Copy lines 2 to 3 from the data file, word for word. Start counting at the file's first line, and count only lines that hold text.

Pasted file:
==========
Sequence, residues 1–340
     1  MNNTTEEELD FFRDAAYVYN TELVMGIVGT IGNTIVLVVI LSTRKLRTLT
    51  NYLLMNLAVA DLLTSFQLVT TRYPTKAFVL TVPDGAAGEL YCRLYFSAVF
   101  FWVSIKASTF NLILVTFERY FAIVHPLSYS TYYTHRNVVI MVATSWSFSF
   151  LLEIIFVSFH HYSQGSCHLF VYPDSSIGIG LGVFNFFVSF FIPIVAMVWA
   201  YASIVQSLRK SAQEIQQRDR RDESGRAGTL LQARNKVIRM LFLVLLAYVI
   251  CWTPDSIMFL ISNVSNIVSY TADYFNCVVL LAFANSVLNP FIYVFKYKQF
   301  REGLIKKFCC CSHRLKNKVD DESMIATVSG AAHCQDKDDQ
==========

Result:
     1  MNNTTEEELD FFRDAAYVYN TELVMGIVGT IGNTIVLVVI LSTRKLRTLT
    51  NYLLMNLAVA DLLTSFQLVT TRYPTKAFVL TVPDGAAGEL YCRLYFSAVF